Using SQL parameters

When you create an SQL statement, you can create SQL parameters in order to reuse the statement with different values. This practice can provide performance benefits. Prepare generic statements that use named variables, and then execute the statements when they are required by iterating through the variable values, binding the values to the named variables in each iteration.

You can choose from the following ways to number the parameters:

  • A question mark (?) in the statement causes each parameter to be numbered sequentially, starting from 1.

  • A question mark followed by an integer (?NNN) in the statement provides each parameter with the number NNN.

You can use the Statement.bind() method to provide names for SQL parameters. The bind() method takes the number of the parameter and the value to be bound to it. If you use a number outside of the allowed range, a DatabaseException is thrown. All bindings can be reset using Statement.reset().

Here's an example of a statement that uses parameters to create an upper bound and lower bound that can be defined each time the statement is run. This example numbers the parameters sequentially.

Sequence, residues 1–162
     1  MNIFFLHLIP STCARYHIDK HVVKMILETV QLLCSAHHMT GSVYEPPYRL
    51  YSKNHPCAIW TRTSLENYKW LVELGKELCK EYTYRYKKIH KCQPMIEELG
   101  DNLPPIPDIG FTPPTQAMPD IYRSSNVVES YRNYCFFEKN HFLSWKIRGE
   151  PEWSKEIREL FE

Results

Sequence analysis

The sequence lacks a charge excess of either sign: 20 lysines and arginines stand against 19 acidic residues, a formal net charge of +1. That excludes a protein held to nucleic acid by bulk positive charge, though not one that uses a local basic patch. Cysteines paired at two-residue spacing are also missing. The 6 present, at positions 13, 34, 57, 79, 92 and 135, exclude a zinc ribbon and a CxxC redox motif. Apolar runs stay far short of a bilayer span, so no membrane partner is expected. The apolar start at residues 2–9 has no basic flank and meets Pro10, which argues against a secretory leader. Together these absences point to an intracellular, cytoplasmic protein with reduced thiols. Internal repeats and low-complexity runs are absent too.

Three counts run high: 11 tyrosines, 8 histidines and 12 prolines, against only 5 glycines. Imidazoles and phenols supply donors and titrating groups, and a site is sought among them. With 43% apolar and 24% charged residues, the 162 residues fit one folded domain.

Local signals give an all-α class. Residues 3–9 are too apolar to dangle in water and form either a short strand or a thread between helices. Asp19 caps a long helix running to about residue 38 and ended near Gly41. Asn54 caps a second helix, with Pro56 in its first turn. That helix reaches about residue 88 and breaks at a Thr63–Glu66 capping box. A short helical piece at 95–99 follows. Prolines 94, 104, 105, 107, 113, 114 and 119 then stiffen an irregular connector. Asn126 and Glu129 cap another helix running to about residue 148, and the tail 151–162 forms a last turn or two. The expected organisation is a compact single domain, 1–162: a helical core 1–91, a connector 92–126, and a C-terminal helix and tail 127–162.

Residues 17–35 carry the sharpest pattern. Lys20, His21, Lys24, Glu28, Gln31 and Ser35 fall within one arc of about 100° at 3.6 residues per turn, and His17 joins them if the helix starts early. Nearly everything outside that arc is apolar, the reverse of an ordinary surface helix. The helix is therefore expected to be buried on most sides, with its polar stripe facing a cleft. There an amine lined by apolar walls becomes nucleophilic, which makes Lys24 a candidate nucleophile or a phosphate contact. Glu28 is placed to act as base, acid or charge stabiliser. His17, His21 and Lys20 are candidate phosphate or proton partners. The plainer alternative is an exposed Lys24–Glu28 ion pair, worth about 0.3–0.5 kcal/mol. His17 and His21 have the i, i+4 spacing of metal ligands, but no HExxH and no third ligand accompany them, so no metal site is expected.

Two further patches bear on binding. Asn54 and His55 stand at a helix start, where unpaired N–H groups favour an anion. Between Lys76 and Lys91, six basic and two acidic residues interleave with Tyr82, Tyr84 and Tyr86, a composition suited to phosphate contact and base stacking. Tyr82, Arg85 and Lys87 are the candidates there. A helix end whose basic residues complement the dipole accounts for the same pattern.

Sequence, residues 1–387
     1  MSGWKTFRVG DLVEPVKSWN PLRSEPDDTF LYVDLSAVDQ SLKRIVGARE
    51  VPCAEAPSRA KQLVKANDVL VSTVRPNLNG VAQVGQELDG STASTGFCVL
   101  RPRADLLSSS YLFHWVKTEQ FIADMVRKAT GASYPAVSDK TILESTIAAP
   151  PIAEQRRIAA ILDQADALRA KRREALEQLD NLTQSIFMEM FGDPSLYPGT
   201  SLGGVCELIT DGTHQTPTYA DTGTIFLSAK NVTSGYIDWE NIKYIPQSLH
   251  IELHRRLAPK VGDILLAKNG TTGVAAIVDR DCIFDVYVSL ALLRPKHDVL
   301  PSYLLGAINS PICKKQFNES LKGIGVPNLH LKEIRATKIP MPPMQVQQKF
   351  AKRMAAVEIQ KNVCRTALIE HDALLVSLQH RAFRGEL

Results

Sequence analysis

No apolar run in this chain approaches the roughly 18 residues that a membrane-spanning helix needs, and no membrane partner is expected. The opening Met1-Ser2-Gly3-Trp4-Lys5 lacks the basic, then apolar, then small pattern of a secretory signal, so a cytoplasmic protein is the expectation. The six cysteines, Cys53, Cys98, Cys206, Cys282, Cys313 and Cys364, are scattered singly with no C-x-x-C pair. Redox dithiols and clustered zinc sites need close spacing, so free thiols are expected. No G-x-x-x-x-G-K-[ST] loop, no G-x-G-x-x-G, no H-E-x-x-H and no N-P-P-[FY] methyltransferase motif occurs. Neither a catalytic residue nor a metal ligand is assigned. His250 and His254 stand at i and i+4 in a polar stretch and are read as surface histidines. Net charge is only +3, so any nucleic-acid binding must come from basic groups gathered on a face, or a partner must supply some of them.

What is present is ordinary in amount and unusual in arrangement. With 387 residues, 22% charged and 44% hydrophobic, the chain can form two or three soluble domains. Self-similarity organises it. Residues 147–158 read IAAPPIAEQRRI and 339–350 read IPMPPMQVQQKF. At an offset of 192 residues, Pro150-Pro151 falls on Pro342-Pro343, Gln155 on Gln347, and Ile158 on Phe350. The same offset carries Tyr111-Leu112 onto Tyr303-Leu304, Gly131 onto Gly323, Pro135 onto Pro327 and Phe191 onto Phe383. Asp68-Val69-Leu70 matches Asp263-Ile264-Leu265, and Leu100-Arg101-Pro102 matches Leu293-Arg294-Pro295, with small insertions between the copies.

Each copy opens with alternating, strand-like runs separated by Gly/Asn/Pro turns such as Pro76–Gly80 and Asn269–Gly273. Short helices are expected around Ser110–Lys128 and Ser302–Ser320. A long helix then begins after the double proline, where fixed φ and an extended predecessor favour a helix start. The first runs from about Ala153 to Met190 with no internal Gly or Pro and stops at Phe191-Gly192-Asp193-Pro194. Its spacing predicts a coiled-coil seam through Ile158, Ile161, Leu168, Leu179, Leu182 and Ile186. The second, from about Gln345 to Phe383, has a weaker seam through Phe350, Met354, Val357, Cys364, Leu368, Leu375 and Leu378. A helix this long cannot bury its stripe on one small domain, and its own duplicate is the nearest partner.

Statement s = Database.createStatement("SELECT * FROM T WHERE a < ? AND a > ?");
    s.prepare();
    s.bind(1, upperBound);
    s.bind(2, lowerBound);
    Cursor c = s.getCursor();

Here's an example of the same statement, except that explicit numbers are specified for the parameters:

Statement s = Database.createStatement("SELECT * FROM T WHERE a < ?5 AND a > ?12");
    s.prepare();
    s.bind(5, upperBound); 
    s.bind(12, lowerBound);

The getFormalName() method converts a parameter index to an SQL parameter name. For getFormalName() to be able to return the parameter name, you must provide a name in the query. For example, when you call getFormalName(1), the statement "SELECT * FROM T WHERE a = :a" returns :a. When parameters such as a question mark (?) are used as placeholders, getFormalName() cannot return a parameter name. For example, getFormalName(1) will not return the name for the parameter in this statement: "SELECT * FROM T WHERE a = ?"


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